They say location, location, location – and that is definitely true when choosing any event for any occasion. But for a corporate event, it is even more crucial.
In difficult economic times we have to consider how delegates will access a venue more than ever. Can they get there by low-cost airline rather than the dearer scheduled flights? Can they car share, hire a mini bus or catch a train from their offices? Is the venue centrally located to save time (time is money folks!)? Is there free parking on offer or transfers from the airport/train station? And all that before you even look at whether it has the right access, capacity, service, quality, atmosphere, catering and so on!
Once location is sorted, My next biggest criteria is quality. Do they offer a quality product and service. This is down to the choice of menu, quality of the fixtures & fittings, service ethos, response times to my enquiries and those ‘added extras’ such as the inclusion of A-V equipment in room hire (and I don’t mean a flip chart). A venue can add value into its offering with booking bonuses such as free delegate parking, enhanced stage lighting, staging, free guestrooms for key speakers and so on. But at least make what you offer of good quality – don’t just offer the same as every other venue. Or better still, bespoke the offering to the planner’s needs. That way you get their attention, and often, the business.
Finding a uniqueness is also a big factor in choosing a venue. Yes, it has to meet the needs of the event – capacity, resources, availability, budget etc., but more than that…does it add some kudos or special factor to the occasion? I see the Canadian convention centre has won the TED2014 conference for being ‘venue to inspire creative thinking’…now that’s the way to promote a venue! Click: TED Being able to offer heritage, innovation, superior architecture, award-winning delegate food…these all add to the overall feel of the event. So venues out there, focus on delivering something special to your offering to set you apart. For the planner, I seek venues that become a part of the overall event message. If they can offer me a special quality that works with the client’s brand, it moves them to the top of the list.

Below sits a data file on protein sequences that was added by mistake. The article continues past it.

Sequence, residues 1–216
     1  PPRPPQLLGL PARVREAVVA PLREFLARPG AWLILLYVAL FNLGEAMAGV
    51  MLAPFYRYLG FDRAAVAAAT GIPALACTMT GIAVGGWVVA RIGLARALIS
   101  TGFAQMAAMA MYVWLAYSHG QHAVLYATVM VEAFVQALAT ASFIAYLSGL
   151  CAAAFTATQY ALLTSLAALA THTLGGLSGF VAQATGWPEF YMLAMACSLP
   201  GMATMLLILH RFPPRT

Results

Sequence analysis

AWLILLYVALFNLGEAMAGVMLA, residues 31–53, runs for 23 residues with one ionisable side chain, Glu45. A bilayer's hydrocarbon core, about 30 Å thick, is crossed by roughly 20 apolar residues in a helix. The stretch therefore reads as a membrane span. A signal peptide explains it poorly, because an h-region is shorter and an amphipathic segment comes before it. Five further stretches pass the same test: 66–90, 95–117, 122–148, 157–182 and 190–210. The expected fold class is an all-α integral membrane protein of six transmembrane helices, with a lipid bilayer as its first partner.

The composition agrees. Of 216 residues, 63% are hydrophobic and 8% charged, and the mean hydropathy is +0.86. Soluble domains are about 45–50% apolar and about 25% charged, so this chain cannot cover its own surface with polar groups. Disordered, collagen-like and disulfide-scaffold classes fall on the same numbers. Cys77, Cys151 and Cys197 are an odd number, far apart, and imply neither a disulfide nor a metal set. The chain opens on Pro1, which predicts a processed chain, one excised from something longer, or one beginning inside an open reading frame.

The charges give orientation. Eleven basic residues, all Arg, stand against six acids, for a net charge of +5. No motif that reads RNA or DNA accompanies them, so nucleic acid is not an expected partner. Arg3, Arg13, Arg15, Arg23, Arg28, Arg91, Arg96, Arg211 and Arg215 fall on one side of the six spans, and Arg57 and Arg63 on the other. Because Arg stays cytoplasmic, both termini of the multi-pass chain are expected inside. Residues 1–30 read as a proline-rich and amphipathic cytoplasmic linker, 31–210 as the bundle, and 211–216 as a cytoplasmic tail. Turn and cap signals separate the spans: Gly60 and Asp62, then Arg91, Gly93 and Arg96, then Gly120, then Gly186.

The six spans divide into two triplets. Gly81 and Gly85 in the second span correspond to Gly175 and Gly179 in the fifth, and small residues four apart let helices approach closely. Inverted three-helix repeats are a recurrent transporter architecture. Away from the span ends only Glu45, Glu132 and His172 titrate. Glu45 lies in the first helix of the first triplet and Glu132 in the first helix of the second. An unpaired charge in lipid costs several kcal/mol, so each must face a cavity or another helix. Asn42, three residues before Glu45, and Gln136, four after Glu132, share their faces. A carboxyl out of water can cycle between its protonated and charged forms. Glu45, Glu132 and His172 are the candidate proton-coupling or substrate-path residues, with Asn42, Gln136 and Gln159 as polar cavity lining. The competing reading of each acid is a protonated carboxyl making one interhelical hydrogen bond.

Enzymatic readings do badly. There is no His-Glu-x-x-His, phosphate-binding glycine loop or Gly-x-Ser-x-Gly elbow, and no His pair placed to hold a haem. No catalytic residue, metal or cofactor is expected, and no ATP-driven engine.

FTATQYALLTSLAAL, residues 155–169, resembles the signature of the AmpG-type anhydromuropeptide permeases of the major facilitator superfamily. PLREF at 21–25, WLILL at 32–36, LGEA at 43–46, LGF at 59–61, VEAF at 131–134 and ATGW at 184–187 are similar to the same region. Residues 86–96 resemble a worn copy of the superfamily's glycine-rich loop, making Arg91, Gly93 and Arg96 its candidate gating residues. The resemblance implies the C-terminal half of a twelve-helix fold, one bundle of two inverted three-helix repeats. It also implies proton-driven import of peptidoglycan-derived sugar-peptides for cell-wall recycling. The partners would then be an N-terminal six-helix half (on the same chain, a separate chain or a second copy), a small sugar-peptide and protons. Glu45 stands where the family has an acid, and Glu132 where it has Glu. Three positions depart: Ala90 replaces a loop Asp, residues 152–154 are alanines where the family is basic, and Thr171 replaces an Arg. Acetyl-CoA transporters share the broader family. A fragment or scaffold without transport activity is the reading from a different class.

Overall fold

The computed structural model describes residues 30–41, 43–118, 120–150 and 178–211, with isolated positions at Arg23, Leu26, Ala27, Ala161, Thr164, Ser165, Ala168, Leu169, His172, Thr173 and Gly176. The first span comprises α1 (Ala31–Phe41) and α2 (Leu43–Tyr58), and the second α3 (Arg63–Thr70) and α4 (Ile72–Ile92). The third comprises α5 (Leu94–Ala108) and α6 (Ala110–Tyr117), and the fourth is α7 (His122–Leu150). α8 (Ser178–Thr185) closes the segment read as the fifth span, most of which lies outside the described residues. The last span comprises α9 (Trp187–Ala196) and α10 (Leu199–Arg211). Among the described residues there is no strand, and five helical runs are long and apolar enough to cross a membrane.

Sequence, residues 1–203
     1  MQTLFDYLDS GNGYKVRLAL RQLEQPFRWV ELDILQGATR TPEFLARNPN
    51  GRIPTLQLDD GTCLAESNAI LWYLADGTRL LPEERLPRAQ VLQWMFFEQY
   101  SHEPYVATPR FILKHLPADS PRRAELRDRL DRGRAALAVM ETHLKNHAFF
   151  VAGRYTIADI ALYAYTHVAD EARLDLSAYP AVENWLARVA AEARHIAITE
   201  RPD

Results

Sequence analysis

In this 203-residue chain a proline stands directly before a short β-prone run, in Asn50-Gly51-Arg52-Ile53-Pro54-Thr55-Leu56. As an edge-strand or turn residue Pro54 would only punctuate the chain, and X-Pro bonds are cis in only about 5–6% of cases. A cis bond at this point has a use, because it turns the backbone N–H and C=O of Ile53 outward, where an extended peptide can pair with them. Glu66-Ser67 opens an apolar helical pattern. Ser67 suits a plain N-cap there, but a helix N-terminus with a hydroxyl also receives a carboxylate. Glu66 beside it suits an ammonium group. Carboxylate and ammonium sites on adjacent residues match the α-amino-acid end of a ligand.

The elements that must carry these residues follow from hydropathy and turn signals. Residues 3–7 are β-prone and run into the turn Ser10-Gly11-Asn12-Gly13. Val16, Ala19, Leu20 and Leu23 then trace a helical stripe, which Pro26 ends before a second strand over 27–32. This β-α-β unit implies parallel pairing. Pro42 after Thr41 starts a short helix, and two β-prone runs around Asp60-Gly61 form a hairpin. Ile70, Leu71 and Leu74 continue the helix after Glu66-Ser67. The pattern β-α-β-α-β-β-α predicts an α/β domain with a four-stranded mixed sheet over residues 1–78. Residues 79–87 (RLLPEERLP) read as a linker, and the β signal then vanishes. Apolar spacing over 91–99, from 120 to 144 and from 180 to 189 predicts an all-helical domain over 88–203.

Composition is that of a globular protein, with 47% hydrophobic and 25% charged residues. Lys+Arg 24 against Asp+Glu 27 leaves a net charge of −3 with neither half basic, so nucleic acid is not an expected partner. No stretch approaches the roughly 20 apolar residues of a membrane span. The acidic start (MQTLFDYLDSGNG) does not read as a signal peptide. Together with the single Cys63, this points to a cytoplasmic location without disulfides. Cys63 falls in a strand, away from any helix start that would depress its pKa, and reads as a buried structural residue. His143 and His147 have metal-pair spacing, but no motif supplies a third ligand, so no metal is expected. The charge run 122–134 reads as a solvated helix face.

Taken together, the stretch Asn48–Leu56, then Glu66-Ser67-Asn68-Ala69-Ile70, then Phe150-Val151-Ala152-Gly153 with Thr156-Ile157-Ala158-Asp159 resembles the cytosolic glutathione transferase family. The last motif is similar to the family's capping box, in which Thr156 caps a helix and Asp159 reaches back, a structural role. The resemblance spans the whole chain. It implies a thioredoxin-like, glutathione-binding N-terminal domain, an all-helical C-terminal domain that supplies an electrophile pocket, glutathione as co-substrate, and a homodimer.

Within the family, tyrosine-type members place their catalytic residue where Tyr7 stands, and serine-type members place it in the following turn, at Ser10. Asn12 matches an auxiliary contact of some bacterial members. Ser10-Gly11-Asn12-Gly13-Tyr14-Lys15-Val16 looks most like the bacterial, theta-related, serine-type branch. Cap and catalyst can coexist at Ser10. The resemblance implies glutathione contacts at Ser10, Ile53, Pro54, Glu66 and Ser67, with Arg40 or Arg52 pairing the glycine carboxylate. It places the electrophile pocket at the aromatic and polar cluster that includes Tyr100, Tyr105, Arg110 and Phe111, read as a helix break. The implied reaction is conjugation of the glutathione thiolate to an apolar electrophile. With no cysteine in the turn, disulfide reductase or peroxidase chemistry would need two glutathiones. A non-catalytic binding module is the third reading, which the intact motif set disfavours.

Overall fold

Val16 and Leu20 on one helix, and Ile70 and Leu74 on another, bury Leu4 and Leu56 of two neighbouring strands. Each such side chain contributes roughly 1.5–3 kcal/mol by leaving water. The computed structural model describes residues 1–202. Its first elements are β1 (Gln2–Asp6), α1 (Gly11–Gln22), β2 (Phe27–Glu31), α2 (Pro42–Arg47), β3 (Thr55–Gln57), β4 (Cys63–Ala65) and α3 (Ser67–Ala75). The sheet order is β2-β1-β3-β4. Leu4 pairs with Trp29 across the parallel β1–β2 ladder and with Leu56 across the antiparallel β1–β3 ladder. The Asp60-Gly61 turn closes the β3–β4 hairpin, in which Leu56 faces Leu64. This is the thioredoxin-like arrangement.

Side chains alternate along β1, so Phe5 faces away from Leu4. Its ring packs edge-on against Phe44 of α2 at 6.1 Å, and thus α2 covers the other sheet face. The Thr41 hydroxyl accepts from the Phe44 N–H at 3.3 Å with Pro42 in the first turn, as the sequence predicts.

To finish, we cannot forget the importance of delivery. As a professional event planner the buck stops with me – so working with venues that can demonstrate service and event delivery is vital. I need to work with venues that are one step ahead – thinking about any issues before they happen, on the ball with their staffing, happy to work hand in hand on ensuring the event runs seamlessly. I choose venues that I am confident can deliver through personal experience, recommendation, site inspections, awards and open, frank communication about the levels of delivery I expect.
OK, so I have skipped over the individual ‘nitty-gritty’ elements of choosing the right venue – room logistics, negotiation on costs & terms, in-house A-V, accommodation and the like, but I tend to find if you work with the top line factors first – it eliminates those venues that will never work for you. After that, its a matter of whittling down to a shortlist of venues that have potential and starting that process of site inspections.